Carbon Literacy is the awareness of climate change and the climate impacts of mankind's everyday actions. The term has been used in a range of contexts in scientific literature and in casual usage (see Research), but is most associated with The Carbon Literacy Project (CLP).
Carbon Literacy is the knowledge and capacity required to create a positive shift in how mankind lives, works and behaves in response to climate change.
The Carbon Literacy Project defines Carbon Literacy as "an awareness of the carbon costs and impacts of everyday activities and the ability and motivation to reduce emissions, on an individual, community and organisational basis."
To distinguish between the use of the phrase in its abstract sense ('carbon literacy') (e.g.), and its use under the established definition (Carbon Literacy), the phrase is capitalised (e.g.). See Research.
The term Carbon Literacy had been used informally on a number of earlier occasions, but began to gain prominence in 2009 when it emerged in the development of the climate change action plan for Manchester, Manchester: A Certain Future.
This citizen-written plan pledged the UK's second largest urban area to:
The plan therefore aimed to (i) lower emissions by reducing demand for and use of energy; altering the technologies used for energy generation; and changing the sources of the fuels used from fossil fuels to renewables; and (ii) create a 'low-carbon culture' by building a common understanding of the causes and implications of climate change, and to develop programmes of 'carbon literacy'.
As a collectively written and owned plan, any citizen or organisation could respond to assist in the delivery of aims and objectives, however it took until 2010 before a Manchester-based social enterprise Cooler Projects CIC took up the challenge of delivery of the Carbon Literacy objective: “...every resident, pupil, student and employee [in the city] will have had at least one day's training in climate change…probably several by 2020.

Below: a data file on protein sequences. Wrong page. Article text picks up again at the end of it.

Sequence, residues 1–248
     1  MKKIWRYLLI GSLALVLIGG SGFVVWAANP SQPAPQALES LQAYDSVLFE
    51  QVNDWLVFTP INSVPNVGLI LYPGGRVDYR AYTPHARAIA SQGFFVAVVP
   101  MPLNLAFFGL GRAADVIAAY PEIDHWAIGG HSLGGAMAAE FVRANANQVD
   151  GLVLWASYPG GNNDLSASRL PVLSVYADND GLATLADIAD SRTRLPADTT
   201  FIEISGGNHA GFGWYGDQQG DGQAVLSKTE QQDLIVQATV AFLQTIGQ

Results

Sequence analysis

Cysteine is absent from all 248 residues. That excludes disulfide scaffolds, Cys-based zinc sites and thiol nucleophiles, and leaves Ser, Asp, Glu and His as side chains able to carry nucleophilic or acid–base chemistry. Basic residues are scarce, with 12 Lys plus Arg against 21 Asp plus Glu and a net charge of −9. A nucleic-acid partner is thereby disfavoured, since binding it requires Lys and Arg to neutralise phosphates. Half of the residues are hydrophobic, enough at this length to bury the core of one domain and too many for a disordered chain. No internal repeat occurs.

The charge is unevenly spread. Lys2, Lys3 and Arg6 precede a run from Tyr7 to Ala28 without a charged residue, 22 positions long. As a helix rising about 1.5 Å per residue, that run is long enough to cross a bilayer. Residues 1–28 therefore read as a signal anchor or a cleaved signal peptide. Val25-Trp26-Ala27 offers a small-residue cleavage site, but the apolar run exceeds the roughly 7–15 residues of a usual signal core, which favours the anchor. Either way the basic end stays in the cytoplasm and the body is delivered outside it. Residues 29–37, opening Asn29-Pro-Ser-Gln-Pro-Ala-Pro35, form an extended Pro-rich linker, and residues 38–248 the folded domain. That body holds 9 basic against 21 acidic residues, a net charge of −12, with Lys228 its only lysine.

In 2011, Cooler convened a voluntary 30-person working group drawn from all sectors who, working collectively, created a definition for the term, and established requirements for a day's training to meet that definition. These requirements formed the basis of The Carbon Literacy Standard. The Standard was based on the key premise that if mankind is to cut carbon emissions by the kind of reduction targets demanded by science, we will need to change our culture as well as our technology.
In 2012, Cooler began to pilot its approach with schools, workplaces, and communities. It quickly established a not for profit initiative - The Carbon Literacy Project - initially in Manchester but rapidly beyond, to oversee the delivery of training to meet the Standard, and certifying successful participants as “Carbon Literate”. In the same year the Association of Greater Manchester Authorities (AGMA) (which includes Manchester), established Carbon Literacy as one of the four aims of the Greater Manchester Climate Change Strategy.
In 2014, the Project was incorporated as a registered charity (a legal not-for-profit structure in the UK) The Carbon Literacy Trust (registered charity No.1156722) so that the concept of Carbon Literacy and its IP could be delivered in perpetuity, for the public good.